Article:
Overall, Bulloch County public school students who graduated in 2014 posted slightly higher scores on the SAT college-entrance exam than their counterparts in the Class of 2013, bucking state and national trends.
"We are becoming more focused as a school system," said Bulloch County Schools Superintendent Charles Wilson in a news release issued this week. "We are providing professional development for our faculty and administrators, guiding them to work in professional learning communities, and then empowering and encouraging those teams to plan and make innovative, strategic decisions to challenge our students and meet their learning needs.
"We are also providing useful technology tools to equip our faculty with the data they need to more quickly identify issues and find solutions," he continued. "Each of these pieces will help us to continue to move forward, better serve students, affect student achievement and better prepare each child for post-secondary pursuits and careers."
Bulloch County's 2014 graduates overall scored higher in all three components of the test, critical reading, math and writing, compared to scores posted by members of the Class of 2013. The school district's mean scores in these areas resulted in a total score average of 1419, a 2-point increase over 2013 scores, but still significantly below the state and national averages of 1445 and 1497.
Of the school district's 534-member graduating class for 2014, 50 percent (269 students) took the SAT.
Each of the district's three public high schools saw varying results.
Portal Middle High's mean scores were lower in all three content areas. The school had 28 students take the test, up eight from 2013, and their mean scores resulted in an average score of 1334, a 24-point drop from last year. Even with the decrease this year, Portal's scores have been steadily increasing. Last year's scores were the highest in more than seven years, and when looking at five-year trends, student scores have increased 15 points in critical reading, 12 points in math and 40 points in writing, according to a school system analysis of SAT data.
Statesboro High's mean scores were higher in critical reading and math, but dropped slightly in writing from 463 in 2013 to 457 this year. The students total score average; however, rose from 1405 to 1421, and students posted the district's highest math mean score of 486, which was just above the state's score of 485. SHS also had the largest increase in test takers of the district's three high schools, with 41 additional students.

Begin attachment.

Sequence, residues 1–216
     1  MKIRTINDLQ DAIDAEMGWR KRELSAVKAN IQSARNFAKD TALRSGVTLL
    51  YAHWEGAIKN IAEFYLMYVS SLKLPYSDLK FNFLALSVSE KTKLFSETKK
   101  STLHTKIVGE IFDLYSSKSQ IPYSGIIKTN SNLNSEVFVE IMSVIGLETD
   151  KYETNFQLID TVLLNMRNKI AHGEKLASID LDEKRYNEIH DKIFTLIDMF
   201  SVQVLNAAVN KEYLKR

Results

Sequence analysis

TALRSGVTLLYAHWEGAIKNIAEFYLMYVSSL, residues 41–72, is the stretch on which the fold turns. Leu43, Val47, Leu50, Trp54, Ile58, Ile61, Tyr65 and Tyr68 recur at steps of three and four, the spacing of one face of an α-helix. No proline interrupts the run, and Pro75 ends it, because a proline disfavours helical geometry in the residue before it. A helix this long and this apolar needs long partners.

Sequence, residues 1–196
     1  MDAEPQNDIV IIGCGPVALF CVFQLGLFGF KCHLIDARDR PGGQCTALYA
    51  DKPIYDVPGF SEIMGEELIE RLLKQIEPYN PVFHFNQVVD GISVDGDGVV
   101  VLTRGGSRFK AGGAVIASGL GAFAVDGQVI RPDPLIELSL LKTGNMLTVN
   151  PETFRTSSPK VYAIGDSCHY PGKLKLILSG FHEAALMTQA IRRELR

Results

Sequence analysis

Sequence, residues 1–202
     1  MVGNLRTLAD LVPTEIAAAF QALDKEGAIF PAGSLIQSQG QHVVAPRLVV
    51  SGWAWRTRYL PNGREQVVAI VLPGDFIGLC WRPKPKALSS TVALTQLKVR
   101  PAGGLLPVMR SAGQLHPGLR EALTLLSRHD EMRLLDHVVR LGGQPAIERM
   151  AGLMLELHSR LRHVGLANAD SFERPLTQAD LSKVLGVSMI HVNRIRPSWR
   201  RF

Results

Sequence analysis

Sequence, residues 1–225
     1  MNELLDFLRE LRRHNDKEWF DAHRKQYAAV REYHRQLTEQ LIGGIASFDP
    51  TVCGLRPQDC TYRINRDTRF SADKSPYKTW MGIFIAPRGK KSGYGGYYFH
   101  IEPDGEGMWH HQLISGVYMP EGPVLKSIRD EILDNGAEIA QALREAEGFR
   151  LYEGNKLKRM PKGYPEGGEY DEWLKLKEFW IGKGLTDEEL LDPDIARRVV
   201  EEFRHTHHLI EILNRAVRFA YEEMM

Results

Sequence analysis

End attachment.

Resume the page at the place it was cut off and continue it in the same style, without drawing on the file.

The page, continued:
Southeast Bulloch High students scored higher in critical reading and math, but scored slightly lower (4 points) in writing. The students' critical reading mean score of 492 was higher than the state's by 4 points (488) and only 5 points lower than the national mean score. SEB students' total mean scores resulted in an overall average score of 1436, which was 18 points lower than 2013 graduates. SEB posted the district's highest critical reading and writing scores as well.
Charter Conservatory, a public school in Statesboro that is not part of the Bulloch County school system, saw its Class of 2014 test takers score significantly higher results than did 2013 graduates. The 2014 graduates posted mean scores of 493 in critical reading, 461 in math and 470 in writing for a composite score of 1424 - 95 points higher than the 2013 class.
Bulloch Academy, a private school in Statesboro, continued to lead the way locally, though its scores fell significantly among 2014 graduates. These students posted mean scores of 500 in critical reading, 530 in math and 507 in writing, for a 1537 composite score - 56 points lower than 2013 graduates.
The SAT is a college-entrance exam administered nationally by College Board, a not-for-profit organization formed by colleges and universities in 1900 to help students be successful in their postsecondary academic pursuits. The SAT and ACT are the two most widely accepted exams of this type in the United States. The SAT is made up of three components, critical reading, math and writing, each with a possible 800-point score that makes up the test's 2400-point scale.
Georgia's mean composite SAT score fell to 1445 for the Class of 2014, 7 points lower than that posted by 2013 graduates. State School Superintendent Dr. John Barge noted that while the state always wants to see more students take college-entrance exams, higher numbers of test takers can result in lower mean scores.
"Do we want to see scores go up every year? Absolutely," Barge said in a statement released Tuesday. "However, we know that as more Georgia students take the SAT, we will sometimes see slight decreases. The measures are in place to better prepare students for college and 21st-century careers and, by extension, the SAT. The gains in scores will come."
Nationally, the mean composite score dropped a point to 1497 for the Class of 2014, after being 1498 for the previous two graduating classes. The College Board said this means students need to be better prepared to transition to life after high school.
"The latest SAT results reaffirm that we must address the issue of preparedness much earlier and in a more focused way," said Cyndie Schmeiser, the chief of assessment at the College Board. "Students in the Class of 2014 missed opportunities that could have helped more of them to make successful transitions to college and career. The College Board is working toward solutions that will advance readiness and success for [BEGIN ITAL]all[END ITAL] students."